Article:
“Allow failure to lead you to your revival.”
I don’t know how everyone else is feeling, but this month has been wild for me. I started out 2020 feeling insanely optimistic and hopeful. Then, reality sunk in and I fell into a familiar rabbit hole, the one where everything is bleak and depressing. I had to focus all of my energy on picking myself up and climbing out of the hole. Now that I’m out, I’m basically scratching my head and asking myself, what’s next?
Historically, I have had a difficult time conforming to society’s ideological way of life. In the past, when I’ve deliberately chosen to work in highly structured jobs, I’ve felt imprisoned. Then, in an effort to rectify, I will do the most freeing thing that I can think of which is chase after my passion. However, without having a clear path to follow, my sense of direction becomes messy and then I reach a moment where I realize things aren’t working.
Lately, I’ve been self-reflecting on this matter. I look back at the last three years of my life and wonder, is this a pattern? Do I keep repeating history? Get a job, hate the job, quit the job, try to have a writing career, fail at that, get a job and do it all over again. It was a little alarming when I noticed the similarities between today and 2017. So, I asked myself, why do I keep failing at this? Why doesn’t it work?
I’ll be honest. I hated that I felt like I failed again. I felt stupid for even trying a second time. But, rather than continuing to self-punish, I forced myself to look at my situation in a positive way. I asked myself, what happened the last time I failed? What events did the “failure” really cause to happen in my life?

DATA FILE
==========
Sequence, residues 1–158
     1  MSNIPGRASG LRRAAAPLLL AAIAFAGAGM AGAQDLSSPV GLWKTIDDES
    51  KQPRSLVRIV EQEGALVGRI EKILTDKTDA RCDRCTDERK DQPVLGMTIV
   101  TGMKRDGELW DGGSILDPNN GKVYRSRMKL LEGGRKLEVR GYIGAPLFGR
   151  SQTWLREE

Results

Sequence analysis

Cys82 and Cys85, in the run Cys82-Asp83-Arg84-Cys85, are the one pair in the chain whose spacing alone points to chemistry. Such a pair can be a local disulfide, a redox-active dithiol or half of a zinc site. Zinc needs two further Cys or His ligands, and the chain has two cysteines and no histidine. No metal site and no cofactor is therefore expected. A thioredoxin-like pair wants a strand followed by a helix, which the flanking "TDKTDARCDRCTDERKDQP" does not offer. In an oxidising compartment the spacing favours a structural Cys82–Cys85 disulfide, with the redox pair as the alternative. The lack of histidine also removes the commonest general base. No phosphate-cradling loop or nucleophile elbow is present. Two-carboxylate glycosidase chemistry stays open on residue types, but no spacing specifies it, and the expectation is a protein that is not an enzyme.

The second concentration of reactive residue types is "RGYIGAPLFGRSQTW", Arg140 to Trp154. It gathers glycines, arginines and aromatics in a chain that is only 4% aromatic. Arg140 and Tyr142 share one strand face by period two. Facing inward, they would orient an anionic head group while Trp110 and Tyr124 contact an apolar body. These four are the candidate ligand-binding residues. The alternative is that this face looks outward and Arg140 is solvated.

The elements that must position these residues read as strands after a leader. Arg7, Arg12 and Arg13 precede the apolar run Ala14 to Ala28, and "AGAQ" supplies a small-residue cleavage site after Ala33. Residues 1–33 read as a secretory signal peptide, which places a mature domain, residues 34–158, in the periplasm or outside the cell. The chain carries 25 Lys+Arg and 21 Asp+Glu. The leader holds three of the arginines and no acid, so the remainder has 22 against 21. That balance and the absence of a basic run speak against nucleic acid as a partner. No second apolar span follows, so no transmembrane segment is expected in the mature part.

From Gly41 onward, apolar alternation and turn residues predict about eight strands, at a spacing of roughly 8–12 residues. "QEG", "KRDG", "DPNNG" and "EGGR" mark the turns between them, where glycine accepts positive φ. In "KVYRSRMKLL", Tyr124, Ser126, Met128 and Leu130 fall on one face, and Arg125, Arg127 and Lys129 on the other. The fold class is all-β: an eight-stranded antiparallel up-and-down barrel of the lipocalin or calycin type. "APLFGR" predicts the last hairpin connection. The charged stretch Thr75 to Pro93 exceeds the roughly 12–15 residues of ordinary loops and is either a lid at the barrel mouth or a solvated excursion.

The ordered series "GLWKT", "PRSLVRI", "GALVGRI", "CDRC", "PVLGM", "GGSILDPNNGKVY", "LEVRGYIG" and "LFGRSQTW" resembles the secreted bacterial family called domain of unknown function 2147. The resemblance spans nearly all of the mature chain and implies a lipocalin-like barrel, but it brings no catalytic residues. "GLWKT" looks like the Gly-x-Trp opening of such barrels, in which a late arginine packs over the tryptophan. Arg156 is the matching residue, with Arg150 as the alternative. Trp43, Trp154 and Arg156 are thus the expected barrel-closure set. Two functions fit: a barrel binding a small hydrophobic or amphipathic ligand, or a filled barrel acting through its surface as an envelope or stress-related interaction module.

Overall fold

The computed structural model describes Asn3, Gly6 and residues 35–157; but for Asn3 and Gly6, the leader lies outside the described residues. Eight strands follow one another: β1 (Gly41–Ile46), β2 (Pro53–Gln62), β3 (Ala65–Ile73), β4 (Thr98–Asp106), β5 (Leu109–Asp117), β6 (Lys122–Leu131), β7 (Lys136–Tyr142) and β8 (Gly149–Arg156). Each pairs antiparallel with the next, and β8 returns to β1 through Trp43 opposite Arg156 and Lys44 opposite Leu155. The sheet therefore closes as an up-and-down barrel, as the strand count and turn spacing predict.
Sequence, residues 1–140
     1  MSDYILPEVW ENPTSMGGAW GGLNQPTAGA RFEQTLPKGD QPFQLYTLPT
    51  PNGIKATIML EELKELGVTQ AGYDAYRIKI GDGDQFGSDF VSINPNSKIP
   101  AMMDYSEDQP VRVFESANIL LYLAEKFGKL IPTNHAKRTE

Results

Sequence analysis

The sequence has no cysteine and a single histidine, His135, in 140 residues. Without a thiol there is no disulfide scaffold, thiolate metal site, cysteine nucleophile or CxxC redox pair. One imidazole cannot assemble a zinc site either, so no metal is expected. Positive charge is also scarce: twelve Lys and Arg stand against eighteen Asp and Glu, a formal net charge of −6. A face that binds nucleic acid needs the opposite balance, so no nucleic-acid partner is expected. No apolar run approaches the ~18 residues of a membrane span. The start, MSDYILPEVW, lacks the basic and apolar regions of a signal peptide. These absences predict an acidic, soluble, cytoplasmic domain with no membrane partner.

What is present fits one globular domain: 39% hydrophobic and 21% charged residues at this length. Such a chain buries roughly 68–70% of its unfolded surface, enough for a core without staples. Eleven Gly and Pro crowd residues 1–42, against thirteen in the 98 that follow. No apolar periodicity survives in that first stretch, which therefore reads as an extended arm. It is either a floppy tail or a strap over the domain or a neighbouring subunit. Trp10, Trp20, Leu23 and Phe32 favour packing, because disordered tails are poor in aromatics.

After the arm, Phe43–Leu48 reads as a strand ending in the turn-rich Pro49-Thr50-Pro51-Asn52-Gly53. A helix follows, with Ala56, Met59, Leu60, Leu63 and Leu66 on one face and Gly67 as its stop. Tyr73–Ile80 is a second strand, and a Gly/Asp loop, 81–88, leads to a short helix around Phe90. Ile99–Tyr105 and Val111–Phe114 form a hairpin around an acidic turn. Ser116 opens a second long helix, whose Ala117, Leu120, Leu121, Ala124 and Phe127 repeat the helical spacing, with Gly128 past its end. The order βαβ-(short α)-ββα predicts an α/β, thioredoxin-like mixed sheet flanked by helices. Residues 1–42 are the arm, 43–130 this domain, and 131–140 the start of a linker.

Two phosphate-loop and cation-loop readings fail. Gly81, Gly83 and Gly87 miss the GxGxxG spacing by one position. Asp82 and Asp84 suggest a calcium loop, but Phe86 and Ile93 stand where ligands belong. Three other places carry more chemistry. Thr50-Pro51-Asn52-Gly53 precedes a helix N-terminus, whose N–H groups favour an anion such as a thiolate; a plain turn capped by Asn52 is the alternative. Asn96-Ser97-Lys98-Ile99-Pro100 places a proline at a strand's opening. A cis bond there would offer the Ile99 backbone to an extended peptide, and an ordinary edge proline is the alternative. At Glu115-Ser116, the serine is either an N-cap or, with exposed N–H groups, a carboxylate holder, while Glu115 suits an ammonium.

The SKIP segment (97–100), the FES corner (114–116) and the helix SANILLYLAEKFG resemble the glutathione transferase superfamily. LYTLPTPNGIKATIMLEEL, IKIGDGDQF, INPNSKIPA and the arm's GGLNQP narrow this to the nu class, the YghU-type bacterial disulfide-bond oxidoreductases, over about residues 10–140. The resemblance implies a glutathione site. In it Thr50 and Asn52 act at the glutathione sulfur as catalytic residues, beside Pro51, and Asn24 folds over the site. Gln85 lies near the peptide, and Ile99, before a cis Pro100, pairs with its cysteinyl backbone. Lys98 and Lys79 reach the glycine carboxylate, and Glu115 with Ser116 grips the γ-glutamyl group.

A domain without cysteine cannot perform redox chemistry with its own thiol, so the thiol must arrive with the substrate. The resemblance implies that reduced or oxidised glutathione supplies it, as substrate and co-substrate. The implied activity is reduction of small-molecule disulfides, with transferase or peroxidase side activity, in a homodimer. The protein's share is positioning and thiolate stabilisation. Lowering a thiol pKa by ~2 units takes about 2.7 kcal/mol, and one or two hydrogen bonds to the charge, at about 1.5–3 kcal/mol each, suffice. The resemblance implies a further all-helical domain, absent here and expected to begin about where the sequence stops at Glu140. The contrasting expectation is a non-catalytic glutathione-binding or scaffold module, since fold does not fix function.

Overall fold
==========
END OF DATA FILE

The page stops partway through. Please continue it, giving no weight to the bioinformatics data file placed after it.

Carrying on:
I’ll tell you. The first time I “failed” at a writing career, I had to move into my parent’s house. The move relocated me to a new city where I had a fresh start. I met my boyfriend and became a dog mom (I LOVE DOGS), I made new friends, and I worked at jobs that not only added to my skills and experience, but taught me so many life lessons. There isn’t a single part of me that regrets any of it. My failure at writing didn’t ruin my life; it ignited my REVIVAL.
The word revival literally means to improve the strength or condition of something. If things always went our way, while it would be a lot easier, we wouldn’t be as smart, resilient, or strong. Failure doesn’t mean the end. If anything, in my experience it leads to a rebirth. Yes, the rebirth is quite painful, especially when you’re smack dab in the middle of the transition. When I first moved to my parent’s house at the end of 2017, I was scared. I was in a new city, had no friends, and I had to find a new job. But, everything that was meant for me fell into place. I was so grateful for the “failure” because it was the catalyst for the creation of new opportunities in my life.
So, rather than resisting my current situation, I'm embracing it with open arms. I'm allowing my failure to lead me to my next revival.